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Pros of sex education in high school

1. Classes are gender exclusive. This saves embarrassment amongst students
and teaches them only what is necessary to know based on their gender.
2. Taught properly, sexual education could become a regular course such as
Human Anatomy or Biological Science complete with tests and grading
that goes towards their graduating credits.
3. Student's can be taught the correct terms of the reproductive system,
sexually transmitted diseases and birth contraceptives rather than the
"street lingo.
4. Myths surrounding intercourse can be dispelled (such as not being able to
get pregnant the first time).
5. Studies show that many teenagers become sexually active before the
inclusion of the educational classes. Early inclusion of classes has proven
to help students remain either abstinent or to at least be responsible if
they are active.
6. Appropriate sexual education can have an impact on preventing sexual
problems in adulthood.
7. The ability to help teenagers make the correct choices, in the safest way
possible. Whether that is abstinence or sex or whatever.
The ability to help teenagers avoid the addiction of pornography.
The ability to help teens not to be afraid of their bodies, and if they
decide to masturbate, to not cause further damage.
The ability to help teens set goals for dating, to help themselves decide
things like how far is too far, how to avoid pregnancy, recognizing when
they are ready or not, what to do if pregnant, etc.

Cons of sex education in high school

1. Students may still suffer from embarrassment or get excitable by the topic
matter. This can cause for out-of-control classrooms if students take to
giggling or making inappropriate remarks.
2. Most sexual education classes are taught as a brief interlude during a
physical education or a health class. This is not a long enough time to
effectively relate such serious material.
3. Often, sexual education can go against an individual's moral or religious
beliefs. Many schools do not teach "abstinence only" but teach how to
have intercourse safely, whereas many religious and family values stress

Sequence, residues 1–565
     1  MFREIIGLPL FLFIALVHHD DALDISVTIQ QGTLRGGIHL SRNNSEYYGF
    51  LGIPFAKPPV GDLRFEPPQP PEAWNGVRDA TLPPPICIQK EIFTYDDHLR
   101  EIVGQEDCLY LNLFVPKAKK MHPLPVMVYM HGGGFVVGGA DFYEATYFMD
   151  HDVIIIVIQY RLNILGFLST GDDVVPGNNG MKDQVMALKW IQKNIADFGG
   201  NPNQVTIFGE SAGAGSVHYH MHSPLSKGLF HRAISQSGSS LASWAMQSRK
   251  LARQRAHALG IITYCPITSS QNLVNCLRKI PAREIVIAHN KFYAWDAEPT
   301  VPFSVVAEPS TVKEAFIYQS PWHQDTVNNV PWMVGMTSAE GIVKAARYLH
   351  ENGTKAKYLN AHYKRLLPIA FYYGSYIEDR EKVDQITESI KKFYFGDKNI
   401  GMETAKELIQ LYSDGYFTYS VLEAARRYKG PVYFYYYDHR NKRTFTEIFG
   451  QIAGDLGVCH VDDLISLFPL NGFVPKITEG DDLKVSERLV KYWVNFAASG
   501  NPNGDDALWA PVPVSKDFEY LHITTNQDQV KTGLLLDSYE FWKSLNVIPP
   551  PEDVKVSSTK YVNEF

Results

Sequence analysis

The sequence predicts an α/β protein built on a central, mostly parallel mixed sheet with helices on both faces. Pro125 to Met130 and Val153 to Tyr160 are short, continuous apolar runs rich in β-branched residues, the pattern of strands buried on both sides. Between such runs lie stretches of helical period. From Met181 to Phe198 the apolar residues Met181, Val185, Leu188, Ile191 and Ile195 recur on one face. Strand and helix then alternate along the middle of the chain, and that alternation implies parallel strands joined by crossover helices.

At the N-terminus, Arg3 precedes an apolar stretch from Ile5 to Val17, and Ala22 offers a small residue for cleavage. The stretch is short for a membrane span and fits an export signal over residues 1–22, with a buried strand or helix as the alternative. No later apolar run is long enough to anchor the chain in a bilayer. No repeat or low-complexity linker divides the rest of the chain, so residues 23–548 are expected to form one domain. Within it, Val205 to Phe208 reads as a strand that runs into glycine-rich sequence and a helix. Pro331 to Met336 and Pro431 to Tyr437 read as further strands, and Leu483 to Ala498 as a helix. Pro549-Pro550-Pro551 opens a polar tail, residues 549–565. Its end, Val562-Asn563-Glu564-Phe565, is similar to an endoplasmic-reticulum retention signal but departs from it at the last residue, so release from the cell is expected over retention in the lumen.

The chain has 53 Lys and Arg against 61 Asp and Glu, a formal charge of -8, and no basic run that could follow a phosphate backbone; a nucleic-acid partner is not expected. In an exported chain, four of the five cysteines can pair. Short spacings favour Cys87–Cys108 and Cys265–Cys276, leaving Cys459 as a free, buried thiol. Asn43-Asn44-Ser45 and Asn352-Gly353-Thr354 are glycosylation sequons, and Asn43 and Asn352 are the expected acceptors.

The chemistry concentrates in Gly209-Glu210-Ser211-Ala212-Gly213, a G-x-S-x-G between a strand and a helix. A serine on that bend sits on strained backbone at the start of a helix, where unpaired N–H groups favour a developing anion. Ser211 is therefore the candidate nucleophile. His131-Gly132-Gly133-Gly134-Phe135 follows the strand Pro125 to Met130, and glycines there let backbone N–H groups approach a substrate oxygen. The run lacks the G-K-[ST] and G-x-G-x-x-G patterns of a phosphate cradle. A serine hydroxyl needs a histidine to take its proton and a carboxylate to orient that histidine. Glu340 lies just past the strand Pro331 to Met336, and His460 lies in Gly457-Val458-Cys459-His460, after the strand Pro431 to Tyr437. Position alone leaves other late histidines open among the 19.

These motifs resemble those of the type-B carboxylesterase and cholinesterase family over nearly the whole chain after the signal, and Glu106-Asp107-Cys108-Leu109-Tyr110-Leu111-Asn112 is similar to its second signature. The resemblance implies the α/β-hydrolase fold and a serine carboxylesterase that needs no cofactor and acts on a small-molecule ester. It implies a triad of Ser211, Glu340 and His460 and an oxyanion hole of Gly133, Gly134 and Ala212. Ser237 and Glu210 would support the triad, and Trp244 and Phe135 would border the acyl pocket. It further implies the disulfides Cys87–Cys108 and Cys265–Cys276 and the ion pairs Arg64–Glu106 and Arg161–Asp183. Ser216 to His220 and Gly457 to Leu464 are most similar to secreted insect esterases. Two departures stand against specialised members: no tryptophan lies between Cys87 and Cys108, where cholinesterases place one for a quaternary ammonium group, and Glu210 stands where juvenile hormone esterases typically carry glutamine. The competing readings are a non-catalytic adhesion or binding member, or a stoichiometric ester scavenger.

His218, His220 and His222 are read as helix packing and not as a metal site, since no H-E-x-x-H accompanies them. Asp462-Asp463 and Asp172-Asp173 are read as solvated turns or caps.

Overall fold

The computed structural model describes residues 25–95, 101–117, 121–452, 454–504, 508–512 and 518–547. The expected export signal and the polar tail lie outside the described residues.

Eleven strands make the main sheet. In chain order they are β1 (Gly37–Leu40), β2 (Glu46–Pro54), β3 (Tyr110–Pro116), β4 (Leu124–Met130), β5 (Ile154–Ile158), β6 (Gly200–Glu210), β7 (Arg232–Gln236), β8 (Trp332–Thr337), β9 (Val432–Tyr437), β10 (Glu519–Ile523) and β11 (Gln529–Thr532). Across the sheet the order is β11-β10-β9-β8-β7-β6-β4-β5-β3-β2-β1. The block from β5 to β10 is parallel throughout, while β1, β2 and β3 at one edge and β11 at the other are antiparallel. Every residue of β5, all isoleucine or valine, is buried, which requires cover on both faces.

marriage before intercourse.
4. Sexual education is often viewed as a "recreational" course and not a
serious subject (this is a direct correlation to the fact that there are no
grades or scores to be derived from class).
5. Teachers are not always trained how to properly teach sexual education
courses and may transgress their own beliefs or morals into the subject
matter rather than stick with the facts.
6. The attitudes of parents, educators or religious leaders in the community
can cause the subject matter to vary from state-to-state, or even school-toschool.
7. Some teenagers will use sex as a method of rebelling against their
parents, showing they are adults, and sex education may inadvertently
encourage this by treating a teenager like an adult instead of like a child.
Teens are often in the middle of confusion when it comes to their bodies
and their feelings, and sex education tends to encourage sex to figure
things out. In the words of some of the sex ed I got, "You won't know if
you're bi unless you try it and find out you're bi." This can trap a person
in a cycle of behaviors that they wouldn't have engaged in if left alone.
It can cause an over familiarity with the body of the opposite sex, and
encourage exploration.
If taught wrong, it can encourage pornography addictions.
If taught wrong, it can discourage abstinence attempts, or justify them by
saying "well, no one stays a virgin anymore."